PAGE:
Still, being able to carry a tune, paint a picture, write a poem, repair an internal combustion engine, build a house, or install a plumbing system command different levels of status, respect and compensation. Certainly, a “math education professor at the University of Illinois” has ‘privilege.’ She has the privilege to imply that individualistic Western capitalist culture is corrupt beyond redemption, because math is “White.” And male.
Rochelle Gutierrez has the privilege to be resentful. She wonders, “why math professors get more research grants than “social studies or English” professors.”
Perhaps it’s just supply and demand. I’d suggest math professors are rarer because a PhD in Mathematics is much harder than a PhD in Education, so fewer people can do it, minority or otherwise. And math professors work is not, despite Ms. Gutierrez’ ministrations, yet buggered up with all the politically correct crap Education majors apparently carry around – so the mathematicians are actually doing something useful.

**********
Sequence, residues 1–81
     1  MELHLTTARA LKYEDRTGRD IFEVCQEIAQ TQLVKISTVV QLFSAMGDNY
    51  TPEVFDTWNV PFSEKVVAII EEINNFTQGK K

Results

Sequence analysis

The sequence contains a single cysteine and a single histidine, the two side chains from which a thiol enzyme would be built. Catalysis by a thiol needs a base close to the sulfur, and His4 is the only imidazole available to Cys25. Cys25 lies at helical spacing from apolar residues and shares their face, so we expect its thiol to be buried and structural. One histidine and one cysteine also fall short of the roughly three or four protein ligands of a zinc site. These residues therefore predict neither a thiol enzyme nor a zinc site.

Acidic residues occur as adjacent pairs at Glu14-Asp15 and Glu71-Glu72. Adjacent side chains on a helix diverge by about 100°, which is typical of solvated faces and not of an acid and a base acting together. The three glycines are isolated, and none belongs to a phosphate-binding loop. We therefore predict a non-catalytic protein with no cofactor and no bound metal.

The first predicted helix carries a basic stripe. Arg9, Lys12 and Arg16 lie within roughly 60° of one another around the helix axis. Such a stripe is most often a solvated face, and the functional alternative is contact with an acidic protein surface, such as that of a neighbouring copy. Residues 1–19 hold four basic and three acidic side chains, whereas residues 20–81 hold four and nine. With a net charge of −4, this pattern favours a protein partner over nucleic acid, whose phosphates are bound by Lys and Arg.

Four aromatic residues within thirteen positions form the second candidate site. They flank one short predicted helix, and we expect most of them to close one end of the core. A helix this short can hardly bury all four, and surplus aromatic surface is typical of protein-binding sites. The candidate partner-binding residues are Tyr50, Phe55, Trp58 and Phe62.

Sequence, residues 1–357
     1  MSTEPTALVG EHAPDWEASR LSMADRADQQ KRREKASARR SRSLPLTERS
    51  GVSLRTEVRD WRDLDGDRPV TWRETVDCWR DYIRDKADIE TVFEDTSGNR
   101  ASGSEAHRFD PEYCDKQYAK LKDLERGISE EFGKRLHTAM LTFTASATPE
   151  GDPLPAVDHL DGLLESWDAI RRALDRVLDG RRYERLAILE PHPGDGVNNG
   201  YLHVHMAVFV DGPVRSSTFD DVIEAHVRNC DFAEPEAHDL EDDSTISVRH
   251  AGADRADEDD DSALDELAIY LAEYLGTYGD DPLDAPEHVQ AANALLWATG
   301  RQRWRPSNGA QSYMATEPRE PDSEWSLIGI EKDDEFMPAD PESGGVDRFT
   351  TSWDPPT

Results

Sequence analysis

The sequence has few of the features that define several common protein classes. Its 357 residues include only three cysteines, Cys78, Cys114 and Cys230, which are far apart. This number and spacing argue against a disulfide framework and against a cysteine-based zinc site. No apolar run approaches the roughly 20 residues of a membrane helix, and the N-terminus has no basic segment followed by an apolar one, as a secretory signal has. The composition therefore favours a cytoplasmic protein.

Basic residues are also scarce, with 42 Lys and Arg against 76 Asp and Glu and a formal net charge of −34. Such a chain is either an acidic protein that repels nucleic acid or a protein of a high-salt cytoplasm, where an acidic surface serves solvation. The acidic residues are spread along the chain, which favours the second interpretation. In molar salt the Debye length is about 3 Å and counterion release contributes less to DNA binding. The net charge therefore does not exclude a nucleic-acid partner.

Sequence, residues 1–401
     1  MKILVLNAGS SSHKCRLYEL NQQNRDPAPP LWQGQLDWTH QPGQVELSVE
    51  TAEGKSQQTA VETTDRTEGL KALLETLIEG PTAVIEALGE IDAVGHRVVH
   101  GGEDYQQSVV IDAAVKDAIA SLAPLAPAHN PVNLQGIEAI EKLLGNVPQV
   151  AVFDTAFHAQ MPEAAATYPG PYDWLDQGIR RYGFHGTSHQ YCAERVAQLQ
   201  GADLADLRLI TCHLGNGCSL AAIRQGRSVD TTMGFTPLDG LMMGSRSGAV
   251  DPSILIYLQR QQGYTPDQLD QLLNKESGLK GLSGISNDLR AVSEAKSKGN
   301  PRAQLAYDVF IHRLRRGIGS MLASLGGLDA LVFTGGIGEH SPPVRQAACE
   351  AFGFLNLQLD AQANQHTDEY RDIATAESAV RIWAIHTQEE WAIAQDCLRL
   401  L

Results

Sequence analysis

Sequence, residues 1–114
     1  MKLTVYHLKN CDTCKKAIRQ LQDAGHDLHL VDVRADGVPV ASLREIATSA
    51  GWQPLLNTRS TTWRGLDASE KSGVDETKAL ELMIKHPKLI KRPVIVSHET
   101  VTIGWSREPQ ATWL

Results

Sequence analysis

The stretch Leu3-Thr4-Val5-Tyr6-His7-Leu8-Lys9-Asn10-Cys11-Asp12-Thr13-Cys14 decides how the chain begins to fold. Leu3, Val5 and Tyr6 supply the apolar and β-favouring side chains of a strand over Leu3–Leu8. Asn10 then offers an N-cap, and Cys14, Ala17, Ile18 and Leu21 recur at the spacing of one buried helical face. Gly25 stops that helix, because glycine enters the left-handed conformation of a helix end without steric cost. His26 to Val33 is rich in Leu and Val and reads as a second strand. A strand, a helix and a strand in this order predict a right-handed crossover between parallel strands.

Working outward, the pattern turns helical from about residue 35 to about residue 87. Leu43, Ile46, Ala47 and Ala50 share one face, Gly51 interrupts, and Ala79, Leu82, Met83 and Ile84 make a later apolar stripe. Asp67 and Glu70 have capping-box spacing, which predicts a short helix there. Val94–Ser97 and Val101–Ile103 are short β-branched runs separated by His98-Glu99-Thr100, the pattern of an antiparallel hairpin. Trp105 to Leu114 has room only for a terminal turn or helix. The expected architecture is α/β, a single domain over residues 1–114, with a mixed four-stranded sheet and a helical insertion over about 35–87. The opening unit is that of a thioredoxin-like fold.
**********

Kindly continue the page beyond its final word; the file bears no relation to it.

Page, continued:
Maybe she should, instead, ask why plumbers get paid more than math education professors who push Orwell’s words onto their own discipline:
“In the end the Party would announce that two and two made five, and you would have to believe it. It was inevitable that they should make that claim sooner or later: the logic of their position demanded it. Not merely the validity of experience, but the very existence of external reality, was tacitly denied by their philosophy. … The Party told you to reject the evidence of your eyes and ears. It was their final, most essential command.” – “1984”
That’s Postmodernism he’s describing.